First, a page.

So this is a little bit of a strange question, but it could be fun!

I need to somehow reliably cause an exception in python. I would prefer it to be human triggered, but I am also willing to embed something in my code that will always cause an exception. (I have set up some exception handling and would like to test it)

I've been looking around and some ideas appear to be division by zero or something along those lines will always cause an exception--Is there a better way? The most ideal would be to simulate a loss of internet connection while the program is running....any ideas would be great!

Have fun!

  • You can just put in your code: raise ..., e.g. raise TypeError ... – mouad Jul 17 '12 at 16:23

Yes, there is: You can explicitly raise your own exceptions.

raise Exception("A custom message as to why you raised this.")

You would want to raise an appropriate exception/error for loss of network connectivity.

  • Easy to use. It's already helping me a ton! Thanks! – Mizmor Jul 17 '12 at 16:59

You can define your own Exceptions in Python, so you can create custom errors to suit your needs. You can test that certain conditions exist, and use the truthiness of that test to decide whether or not to raise your shiny, custom Exception:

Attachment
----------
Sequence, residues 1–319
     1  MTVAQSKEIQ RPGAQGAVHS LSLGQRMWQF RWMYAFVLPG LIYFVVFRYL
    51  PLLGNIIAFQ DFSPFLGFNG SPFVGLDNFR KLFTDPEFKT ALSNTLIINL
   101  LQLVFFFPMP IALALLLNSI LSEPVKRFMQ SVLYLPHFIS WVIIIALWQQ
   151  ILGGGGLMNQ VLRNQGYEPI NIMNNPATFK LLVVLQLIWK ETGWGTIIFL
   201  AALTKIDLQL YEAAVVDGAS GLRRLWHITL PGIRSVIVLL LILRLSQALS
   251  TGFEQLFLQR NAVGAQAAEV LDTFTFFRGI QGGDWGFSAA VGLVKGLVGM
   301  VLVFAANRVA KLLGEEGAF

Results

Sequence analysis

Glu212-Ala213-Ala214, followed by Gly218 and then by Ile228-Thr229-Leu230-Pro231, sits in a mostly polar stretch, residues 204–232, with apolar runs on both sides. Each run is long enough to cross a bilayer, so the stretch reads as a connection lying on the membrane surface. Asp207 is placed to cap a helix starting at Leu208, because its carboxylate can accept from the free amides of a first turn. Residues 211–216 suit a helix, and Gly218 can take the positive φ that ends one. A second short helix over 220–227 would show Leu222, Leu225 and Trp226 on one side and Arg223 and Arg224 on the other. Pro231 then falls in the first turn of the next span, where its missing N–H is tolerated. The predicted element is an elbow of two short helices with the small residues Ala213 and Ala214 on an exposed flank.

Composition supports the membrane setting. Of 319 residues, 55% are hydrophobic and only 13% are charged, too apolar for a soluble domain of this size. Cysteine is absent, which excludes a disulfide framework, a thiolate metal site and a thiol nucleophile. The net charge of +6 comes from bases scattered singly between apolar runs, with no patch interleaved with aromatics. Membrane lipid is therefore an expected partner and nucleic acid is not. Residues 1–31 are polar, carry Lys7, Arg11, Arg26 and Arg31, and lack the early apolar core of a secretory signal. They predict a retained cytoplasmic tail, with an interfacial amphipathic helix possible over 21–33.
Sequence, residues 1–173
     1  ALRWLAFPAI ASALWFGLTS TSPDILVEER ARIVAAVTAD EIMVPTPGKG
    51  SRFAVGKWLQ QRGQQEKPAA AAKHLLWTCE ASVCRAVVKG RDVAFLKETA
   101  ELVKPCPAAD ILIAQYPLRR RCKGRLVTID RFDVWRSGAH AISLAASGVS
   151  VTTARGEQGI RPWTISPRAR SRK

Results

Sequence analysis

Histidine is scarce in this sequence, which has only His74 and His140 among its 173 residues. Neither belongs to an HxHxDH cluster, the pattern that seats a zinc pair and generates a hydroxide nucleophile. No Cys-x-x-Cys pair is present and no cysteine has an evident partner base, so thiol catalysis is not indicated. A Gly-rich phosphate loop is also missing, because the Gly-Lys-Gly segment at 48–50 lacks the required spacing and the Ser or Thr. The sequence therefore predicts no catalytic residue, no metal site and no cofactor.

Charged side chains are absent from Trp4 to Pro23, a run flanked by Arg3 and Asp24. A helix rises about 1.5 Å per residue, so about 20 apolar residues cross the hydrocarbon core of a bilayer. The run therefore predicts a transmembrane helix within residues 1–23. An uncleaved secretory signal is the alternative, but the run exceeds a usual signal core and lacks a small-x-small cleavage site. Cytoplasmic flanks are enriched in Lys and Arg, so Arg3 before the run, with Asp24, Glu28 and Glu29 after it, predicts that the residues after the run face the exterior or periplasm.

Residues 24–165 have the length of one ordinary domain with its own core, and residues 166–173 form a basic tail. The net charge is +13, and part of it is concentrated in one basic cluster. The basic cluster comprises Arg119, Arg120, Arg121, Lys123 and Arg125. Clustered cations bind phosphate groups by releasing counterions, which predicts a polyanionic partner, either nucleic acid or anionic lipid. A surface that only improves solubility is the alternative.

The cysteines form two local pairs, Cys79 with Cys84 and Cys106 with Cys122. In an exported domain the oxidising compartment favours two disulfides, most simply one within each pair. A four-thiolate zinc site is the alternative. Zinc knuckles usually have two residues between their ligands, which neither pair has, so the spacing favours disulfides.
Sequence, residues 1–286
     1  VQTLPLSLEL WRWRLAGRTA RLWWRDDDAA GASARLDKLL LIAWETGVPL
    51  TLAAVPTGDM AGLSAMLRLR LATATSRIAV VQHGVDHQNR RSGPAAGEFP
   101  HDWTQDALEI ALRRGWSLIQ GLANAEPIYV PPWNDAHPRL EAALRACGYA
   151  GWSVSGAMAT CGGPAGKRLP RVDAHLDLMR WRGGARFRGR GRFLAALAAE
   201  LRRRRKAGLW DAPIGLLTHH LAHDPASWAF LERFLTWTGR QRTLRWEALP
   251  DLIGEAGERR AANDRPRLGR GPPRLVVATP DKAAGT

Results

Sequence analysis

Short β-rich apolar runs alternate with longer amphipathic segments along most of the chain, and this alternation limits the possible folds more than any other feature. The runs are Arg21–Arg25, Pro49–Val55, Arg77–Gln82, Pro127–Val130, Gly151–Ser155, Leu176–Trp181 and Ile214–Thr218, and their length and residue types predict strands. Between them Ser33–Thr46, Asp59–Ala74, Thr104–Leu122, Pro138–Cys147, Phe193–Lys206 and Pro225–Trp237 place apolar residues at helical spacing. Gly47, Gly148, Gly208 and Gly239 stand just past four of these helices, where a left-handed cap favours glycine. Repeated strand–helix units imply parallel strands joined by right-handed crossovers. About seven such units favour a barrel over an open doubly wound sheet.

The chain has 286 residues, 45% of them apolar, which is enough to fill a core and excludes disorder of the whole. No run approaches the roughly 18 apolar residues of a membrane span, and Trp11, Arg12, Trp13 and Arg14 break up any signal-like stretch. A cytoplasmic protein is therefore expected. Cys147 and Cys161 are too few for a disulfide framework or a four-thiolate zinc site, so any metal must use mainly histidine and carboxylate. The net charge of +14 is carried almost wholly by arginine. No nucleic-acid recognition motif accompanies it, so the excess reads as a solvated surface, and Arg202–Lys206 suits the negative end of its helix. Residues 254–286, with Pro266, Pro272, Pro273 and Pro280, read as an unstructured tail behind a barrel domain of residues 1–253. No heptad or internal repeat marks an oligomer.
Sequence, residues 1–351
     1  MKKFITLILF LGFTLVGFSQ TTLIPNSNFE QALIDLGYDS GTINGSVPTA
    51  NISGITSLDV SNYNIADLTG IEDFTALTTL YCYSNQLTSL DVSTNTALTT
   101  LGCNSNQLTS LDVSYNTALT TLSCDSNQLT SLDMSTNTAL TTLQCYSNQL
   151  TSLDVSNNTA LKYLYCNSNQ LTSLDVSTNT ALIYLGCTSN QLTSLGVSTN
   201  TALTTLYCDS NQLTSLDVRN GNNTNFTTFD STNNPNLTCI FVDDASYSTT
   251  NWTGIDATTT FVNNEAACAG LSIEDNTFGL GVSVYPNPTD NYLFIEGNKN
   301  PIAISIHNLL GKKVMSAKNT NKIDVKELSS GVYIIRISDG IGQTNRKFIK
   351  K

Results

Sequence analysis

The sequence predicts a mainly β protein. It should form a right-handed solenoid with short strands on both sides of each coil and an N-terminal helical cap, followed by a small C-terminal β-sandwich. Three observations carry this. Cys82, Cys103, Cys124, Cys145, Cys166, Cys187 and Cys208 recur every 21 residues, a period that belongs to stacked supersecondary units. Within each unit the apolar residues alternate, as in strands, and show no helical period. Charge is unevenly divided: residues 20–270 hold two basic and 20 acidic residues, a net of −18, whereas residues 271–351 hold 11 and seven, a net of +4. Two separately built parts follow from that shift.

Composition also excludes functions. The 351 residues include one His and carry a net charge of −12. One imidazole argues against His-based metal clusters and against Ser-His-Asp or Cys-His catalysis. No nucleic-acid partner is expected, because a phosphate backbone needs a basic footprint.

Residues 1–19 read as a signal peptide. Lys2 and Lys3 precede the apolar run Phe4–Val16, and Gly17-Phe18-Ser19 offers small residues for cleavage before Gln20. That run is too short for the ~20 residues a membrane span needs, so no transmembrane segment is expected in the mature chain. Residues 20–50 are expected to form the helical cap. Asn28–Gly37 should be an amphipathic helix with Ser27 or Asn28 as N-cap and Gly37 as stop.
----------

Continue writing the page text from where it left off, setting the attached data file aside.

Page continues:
class MyFancyException(Exception): pass

def do_something():
    if sometestFunction() is True:
        raise MyFancyException

except MyFancyException:
    # This is entirely up to you! 
    # What needs to happen if the exception is caught?

The documentation has some useful examples.

  • This is really good too! I'll be creating my own sometime when I get an extra minute. Thanks! – Mizmor Jul 17 '12 at 16:59

Yup, you can just plop

  1 / 0 

anywhere in your code for a run time error to occur, specifically in this case a ZeroDivisionError: integer division or modulo by zero.

This is the simplest way to get an exception by embedding something in your code (as you mentioned in your post). You can of course raise your own Exceptions too .. depends on your specific needs.

  • 2
    ...what good would that do? It doesn't do a sufficient job of representing whatever error that's wanted to be simulated; it's just a ZeroDivisionError instead. – Makoto Jul 17 '12 at 16:27
  • @Makoto To quote OP: " I am also willing to embed something in my code that will always cause an exception" .. you best direct your comment at OP. – Levon Jul 17 '12 at 16:30

Your Answer

By clicking “Post Your Answer”, you agree to our terms of service, privacy policy and cookie policy

Not the answer you're looking for? Browse other questions tagged or ask your own question.